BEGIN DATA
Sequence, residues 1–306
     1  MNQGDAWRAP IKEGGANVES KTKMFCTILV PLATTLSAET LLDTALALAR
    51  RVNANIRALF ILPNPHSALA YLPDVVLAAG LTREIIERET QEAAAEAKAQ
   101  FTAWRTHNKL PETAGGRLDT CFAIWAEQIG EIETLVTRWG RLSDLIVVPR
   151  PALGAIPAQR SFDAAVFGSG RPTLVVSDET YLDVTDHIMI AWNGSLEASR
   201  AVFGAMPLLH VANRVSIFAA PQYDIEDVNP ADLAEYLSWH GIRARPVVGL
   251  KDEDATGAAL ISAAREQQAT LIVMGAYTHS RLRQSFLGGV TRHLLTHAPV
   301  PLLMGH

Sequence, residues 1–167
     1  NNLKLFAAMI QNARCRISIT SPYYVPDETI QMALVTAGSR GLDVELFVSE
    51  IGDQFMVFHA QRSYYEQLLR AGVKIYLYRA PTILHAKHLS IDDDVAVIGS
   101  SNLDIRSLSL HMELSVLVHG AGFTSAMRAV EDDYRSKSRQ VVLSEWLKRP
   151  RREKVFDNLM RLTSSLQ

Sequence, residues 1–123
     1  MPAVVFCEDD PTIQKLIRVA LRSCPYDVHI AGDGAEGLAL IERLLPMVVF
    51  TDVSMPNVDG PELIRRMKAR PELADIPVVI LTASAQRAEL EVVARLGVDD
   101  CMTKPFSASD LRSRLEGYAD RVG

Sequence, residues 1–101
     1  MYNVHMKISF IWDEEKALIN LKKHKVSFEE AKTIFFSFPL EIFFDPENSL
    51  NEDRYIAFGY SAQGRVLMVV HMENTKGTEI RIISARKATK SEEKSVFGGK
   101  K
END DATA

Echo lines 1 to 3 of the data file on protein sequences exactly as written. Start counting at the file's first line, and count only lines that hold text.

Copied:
Sequence, residues 1–306
     1  MNQGDAWRAP IKEGGANVES KTKMFCTILV PLATTLSAET LLDTALALAR
    51  RVNANIRALF ILPNPHSALA YLPDVVLAAG LTREIIERET QEAAAEAKAQ